Yet, it doesn't go much further than thinking on the topic at hand, into actual movement toward the change in behavior. Eating less, exercising more, following through on improvement plans, being more organized, keeping up with laundry . . . these are regular situations where I know I need to do something, but am easily swayed into taking the path of least resistance, as in, ignore it and maybe it will go away. Right, like that's going to happen!
So, most everyone reading my blog has been living vicariously through my partial knee replacement recovery since late June. But, I was determined to recover, and did everything I was supposed to do (not without a substantial amount of whining, I know) and I found myself gleefully recovered! I was walking, and sort of hiking, and working, and doing just fine, or so I thought.
The past month, I've been distressed to discover that while my new joint is doing relatively well, I have an entirely new area of discomfort, as in the outside of the same knee, which used to work quite well. It isn't anymore. And I'm alternately angry about it, and frustrated, and, quite honestly, scared. I do not want to go through another knee surgery, yet I've been faced with the thoughts that maybe I should have just had total knee replacement instead of partial.
In my full crazed denial, I fully believed that if I just kept forcing myself to move, walking, hiking, biking, I'd force my new aching part of my knee to improve. And, I was half right. All that movement is a good thing. The problem was pointed out to me by my 22 year old daughter's best friend last Saturday night, who is studying to become a physical therapist, and whose mom is one. I said, "Elisa, come over here and feel this knee. It didn't used to do this." I was referring to the crinkling and crackling that I can feel on the inside and also when I place my hand on the outside part of my knee.
She massaged it for a few minutes, said it was a combination of scar tissue and something else I don't recall. She asked, "How often are you icing?"
I had to sheepishly reply, "Never. I probably haven't iced for a month."
So I proceded to receive a lecture about how I should be icing as long as there is even a little discomfort, and that icing is also preventative, not just for managing pain.
I hate icing. It's cold. I have to sit in one place. I forget to do it. In all honesty, it really didn't seem to help much. But, not doing it isn't helping my recovery either. Rats!
This past week I've been a little better about icing, most of the time. I'm also back to riding the stationary bike for a minimum of 10 minutes before work. So far, I have seen or felt little improvement. I'm still aching all night (both knees now) and more than a little disgruntled about what seems to have been a wasted summer in recovery. And, as I've definitely had worse pain since the ill-fated recent marathon hike, I'm truly regretting not icing after that!
I'm tired of being consumed by aching and fatigue. But, this brings me back to the beginning of this post. I know that part of the reason I'm tired is that I'm hauling around extra weight, some of which I accumulated during the "summer of sitting around".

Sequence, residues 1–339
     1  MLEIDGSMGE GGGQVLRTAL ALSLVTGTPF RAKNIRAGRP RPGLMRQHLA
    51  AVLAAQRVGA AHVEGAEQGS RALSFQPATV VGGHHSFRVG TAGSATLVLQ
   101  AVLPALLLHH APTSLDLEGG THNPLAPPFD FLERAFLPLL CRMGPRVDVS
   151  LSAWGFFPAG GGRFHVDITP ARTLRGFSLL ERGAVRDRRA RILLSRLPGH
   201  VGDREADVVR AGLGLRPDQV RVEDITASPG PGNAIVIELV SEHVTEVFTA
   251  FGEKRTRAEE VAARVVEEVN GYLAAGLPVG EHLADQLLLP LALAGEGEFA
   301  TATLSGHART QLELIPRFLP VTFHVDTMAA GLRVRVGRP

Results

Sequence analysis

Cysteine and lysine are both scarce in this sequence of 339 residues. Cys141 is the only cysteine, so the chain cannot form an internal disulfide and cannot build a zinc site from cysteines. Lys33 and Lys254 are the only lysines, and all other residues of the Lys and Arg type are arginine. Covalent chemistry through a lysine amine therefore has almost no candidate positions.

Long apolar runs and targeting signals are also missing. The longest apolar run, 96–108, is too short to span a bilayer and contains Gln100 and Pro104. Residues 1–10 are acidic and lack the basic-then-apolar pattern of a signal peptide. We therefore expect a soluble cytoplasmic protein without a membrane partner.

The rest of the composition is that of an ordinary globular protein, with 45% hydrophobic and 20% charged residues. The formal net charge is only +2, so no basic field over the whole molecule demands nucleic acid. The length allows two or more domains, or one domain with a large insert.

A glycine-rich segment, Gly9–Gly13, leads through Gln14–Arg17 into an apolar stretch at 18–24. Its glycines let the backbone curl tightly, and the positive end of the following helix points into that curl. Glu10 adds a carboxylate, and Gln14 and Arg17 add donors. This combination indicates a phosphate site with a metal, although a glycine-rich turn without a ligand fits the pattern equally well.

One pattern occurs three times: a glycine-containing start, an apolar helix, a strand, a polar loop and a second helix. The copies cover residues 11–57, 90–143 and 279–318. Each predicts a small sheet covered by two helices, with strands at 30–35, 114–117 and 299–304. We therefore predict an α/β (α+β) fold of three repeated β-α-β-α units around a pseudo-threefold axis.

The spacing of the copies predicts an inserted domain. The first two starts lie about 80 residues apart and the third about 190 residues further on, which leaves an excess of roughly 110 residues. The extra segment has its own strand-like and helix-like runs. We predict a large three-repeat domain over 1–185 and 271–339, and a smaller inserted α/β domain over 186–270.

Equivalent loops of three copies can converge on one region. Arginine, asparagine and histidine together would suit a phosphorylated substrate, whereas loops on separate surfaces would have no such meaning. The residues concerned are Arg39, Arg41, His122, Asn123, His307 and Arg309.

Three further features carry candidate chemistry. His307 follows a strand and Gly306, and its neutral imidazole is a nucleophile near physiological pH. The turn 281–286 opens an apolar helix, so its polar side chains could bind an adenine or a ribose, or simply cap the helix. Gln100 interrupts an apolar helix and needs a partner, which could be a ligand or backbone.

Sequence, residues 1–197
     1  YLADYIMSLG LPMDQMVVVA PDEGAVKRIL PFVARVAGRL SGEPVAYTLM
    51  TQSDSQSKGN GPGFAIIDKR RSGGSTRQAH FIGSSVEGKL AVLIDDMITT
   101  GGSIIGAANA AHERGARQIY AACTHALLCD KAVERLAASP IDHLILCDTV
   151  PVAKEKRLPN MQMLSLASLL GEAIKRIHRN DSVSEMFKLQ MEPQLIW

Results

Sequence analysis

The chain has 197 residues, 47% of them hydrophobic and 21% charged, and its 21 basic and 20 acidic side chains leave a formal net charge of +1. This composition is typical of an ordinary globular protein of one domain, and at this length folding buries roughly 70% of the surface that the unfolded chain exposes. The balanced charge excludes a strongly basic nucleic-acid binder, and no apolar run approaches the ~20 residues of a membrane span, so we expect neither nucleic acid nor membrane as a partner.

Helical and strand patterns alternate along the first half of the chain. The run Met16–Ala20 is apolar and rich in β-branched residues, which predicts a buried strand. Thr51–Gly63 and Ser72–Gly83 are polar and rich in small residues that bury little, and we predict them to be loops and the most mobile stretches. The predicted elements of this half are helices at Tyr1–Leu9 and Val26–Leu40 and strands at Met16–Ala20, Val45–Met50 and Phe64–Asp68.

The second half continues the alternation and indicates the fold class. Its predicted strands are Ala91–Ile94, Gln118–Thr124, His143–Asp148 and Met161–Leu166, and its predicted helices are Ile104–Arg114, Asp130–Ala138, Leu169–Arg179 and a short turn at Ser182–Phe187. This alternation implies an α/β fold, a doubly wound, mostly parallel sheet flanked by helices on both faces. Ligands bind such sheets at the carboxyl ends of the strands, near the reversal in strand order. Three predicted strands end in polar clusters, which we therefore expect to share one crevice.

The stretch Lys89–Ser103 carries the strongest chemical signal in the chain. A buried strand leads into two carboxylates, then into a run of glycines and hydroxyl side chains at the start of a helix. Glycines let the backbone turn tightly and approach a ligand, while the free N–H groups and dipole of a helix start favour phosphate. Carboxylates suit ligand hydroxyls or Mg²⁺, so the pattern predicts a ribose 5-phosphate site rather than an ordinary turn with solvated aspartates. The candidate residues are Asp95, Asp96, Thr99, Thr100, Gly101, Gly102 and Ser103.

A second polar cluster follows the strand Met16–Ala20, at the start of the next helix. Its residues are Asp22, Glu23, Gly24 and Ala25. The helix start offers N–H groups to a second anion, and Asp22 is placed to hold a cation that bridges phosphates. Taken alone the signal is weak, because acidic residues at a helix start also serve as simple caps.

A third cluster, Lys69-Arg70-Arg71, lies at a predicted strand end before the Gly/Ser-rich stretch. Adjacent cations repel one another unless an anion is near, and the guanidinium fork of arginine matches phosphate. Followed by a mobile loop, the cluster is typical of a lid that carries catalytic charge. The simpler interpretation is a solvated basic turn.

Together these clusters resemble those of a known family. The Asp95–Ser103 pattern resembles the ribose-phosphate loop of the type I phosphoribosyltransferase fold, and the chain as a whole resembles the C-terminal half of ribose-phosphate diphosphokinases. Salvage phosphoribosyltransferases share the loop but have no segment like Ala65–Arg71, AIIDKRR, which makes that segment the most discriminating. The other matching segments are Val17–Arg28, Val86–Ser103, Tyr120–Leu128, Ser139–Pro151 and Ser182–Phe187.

Every single day this week I have begun with the intention of eating well and exercising. Oh, and icing!
Every single night as I've lain in bed, I've silently lambasted myself for weakness in the presence of food.
I've read about others success in finding happiness with particular dietary changes, and I want that, I really do. But, I'm petrified to begin another plan, and lose weight, as my MO is to simply gain the weight back after a year or so, and be worse off than I was before. I know this about myself. I know I have an addictive nature, and I am scared.
I've been on several plans in the past: Weight Watchers (I've been a "lifetime member" for 23 years, but only been at goal weight about 2 years of that time), Overeater's Anonymous (basically low carb, no sugar, nothing white) lost a considerable amount of weight, and most recently paid a horrendous amount of money for HMR (eat their food with your own fruits and veggies) and a million other spur of the moment attempts. I've been highly successful losing the weight, staying on some plans for well over a year, sometimes two years, but the minute I ate one bite of a forbidden morsel, I began the steady assent to weight gain. Each time I'm at a "new high" where I have to fight my way back, always believing I would "get back on track" but didn't.
I'm scared to try again. The thought of being without my favorite foods makes me angry and resentful. I am frustrated that I have become this fat person, as I wasn't a fat child or young adult.
This morning, I am 21 pounds away from my all time high, and scared I'm not only going to reach it, but surpass it. Three years ago, I lost 54 pounds and felt fantastic, then got sloppy and have gained back 33.
It's no wonder I'm scared!
It's been really hard to admit all this; in fact portions of this post have been percolating for months. I'm appealing to my blogging friends, for any "experience, strength and hope" or advice or even lectures!
HELP ~ I'm trapped in my body and can't get out!